Wright receives US Department of Energy Advanced Research Projects Agency–Energy Battery Award
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Wright Launches
Ultra-Lightweight Battery Development Program

 
We are thrilled to announce that today we are launching Wright Batteries, an initiative to develop ultra-lightweight batteries for several hard-to-decarbonize transportation sectors including aviation, shipping, trucking, and rail. Please see an article about the program in today's FlightGlobalWright’s objective is to deliver megawatt-hour size batteries that deliver 1,000 watt hours per kilogram (wh/kg) at the pack level. These proprietary batteries would be 4x more energy dense than the lithium ion batteries that power today’s electric vehicles.

Such batteries would enable the electrification of hard-to-decarbonize vehicles including electric aircraft capable of transporting more than 100 passengers on regional routes. Given that the vast majority of aerospace carbon emissions are in aircraft with 100 or more passengers, these batteries would enable a paradigm shift in decarbonization. 
 
Depiction of Wright Battery

 

Founded in 2016, Wright’s goal is to decarbonize the aerospace industry. We work with leading groups such as easyJet, NASA, Y Combinator, The US Department of Energy Advanced Research Projects Agency–Energy, and the US Department of Defense.

We have built power dense electric motors, inverters, and generators for aerospace and defense applications. For example, we recently tested our industry-leading electric motor to 1 megawatt and are planning for altitude testing at the NASA Electric Aircraft Testbed (NEAT). 

Building on this work, we are now applying our expertise in lightweight mechanical and electrical systems to battery development. Since 2021, Wright has been conducting experiments with battery technologies that have been overlooked by conventional battery manufacturers.  Some battery types are unsuitable for consumer electronics or grid storage. However, they could be ideal for applications that require extreme light weight, safety, and compactness.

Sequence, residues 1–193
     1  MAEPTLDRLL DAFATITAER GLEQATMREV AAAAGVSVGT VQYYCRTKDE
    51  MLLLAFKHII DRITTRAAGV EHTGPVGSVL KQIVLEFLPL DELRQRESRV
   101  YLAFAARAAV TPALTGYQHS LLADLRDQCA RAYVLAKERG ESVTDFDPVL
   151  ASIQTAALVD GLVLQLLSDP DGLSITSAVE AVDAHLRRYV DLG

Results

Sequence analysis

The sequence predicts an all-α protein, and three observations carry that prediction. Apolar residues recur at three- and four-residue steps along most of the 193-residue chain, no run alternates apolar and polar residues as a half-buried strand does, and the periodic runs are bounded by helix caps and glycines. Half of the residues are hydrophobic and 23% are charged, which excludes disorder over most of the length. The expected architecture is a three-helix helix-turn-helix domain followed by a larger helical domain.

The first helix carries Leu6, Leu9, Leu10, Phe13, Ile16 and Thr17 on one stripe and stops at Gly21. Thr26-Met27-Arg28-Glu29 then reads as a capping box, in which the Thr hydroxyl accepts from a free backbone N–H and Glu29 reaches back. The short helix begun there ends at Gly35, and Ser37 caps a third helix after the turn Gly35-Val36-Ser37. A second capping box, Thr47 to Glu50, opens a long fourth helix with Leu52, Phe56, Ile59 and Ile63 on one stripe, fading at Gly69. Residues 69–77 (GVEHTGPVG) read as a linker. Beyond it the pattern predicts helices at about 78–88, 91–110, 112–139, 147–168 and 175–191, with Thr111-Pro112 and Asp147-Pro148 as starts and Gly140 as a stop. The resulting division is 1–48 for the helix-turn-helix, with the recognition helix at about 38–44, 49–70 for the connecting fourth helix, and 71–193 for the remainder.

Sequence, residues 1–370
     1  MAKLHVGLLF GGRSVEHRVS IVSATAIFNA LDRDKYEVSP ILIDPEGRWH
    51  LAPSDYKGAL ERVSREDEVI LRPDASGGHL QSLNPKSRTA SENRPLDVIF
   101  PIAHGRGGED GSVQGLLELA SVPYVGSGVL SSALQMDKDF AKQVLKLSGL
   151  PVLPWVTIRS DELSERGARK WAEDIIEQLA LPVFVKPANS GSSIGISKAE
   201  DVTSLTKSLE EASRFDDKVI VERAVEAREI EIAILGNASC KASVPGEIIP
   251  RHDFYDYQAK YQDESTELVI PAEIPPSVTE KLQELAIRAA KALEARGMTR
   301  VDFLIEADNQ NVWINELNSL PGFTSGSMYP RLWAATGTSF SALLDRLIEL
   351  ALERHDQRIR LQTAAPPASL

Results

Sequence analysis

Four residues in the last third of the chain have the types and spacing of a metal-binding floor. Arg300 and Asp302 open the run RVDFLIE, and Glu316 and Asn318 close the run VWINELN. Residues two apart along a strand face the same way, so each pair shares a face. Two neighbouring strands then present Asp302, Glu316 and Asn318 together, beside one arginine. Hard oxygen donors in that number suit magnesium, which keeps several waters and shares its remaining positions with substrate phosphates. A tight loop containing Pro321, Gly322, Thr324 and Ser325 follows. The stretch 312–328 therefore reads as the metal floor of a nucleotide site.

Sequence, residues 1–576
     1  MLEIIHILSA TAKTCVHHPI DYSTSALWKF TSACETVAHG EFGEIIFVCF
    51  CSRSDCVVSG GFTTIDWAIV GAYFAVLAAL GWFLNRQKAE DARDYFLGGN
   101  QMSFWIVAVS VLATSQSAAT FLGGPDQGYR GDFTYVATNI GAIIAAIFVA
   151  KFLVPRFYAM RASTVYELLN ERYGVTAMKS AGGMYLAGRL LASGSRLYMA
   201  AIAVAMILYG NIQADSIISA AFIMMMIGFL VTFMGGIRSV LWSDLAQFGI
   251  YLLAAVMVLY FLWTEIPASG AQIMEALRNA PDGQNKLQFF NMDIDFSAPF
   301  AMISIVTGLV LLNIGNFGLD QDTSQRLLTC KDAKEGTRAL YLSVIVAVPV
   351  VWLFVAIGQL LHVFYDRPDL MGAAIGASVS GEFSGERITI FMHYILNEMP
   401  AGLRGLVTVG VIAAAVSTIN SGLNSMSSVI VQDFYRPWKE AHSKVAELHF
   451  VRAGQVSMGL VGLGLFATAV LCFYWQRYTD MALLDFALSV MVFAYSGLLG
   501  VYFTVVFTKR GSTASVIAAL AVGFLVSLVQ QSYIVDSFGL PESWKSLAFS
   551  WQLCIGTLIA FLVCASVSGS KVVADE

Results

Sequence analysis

“We have developed experience building lightweight thermally managed electric propulsion systems, and we see a way to apply that knowledge to the design of large molten battery packs,” says Colin Tschida, Head of Powertrain at Wright. 

“To cultivate a breakthrough in energy storage, we engaged four chemistry PhDs to act as scouts for promising but overlooked battery chemistries,” said Tschida. “This month, we are beginning our second phase of validation experiments with the approaches that showed the most promise.” 

We are working with multiple academic centers and industry partners to achieve these batteries. Initial packs will be released for laboratory testing in 2025 with first rollout to aerospace and defense early adopters targeted for 2027.

If you are interested in collaborating, please reply directly or email eric.vonallmen@weflywright.com.  

Wright's goal is to reduce the climate impact of the aerospace industry.

Electric planes have the potential to reduce the carbon and noise footprint of the aerospace industry. Image source: https://stay-grounded.org/get-information/.
Wright is supported by DOE, NASA, and DOD.

Wright is looking for Battery and
Power Electronics experts to join the team!

Wright is hiring Battery and Power Electronics engineers at our headquarters in Albany, NY. If you are interested or know someone who might be, please feel free to reply to this email. You can visit our careers page for more information: https://www.weflywright.com/careers.

Thank you and we'll share more news in the coming weeks. 

Electrically,
Jeff and Team Wright
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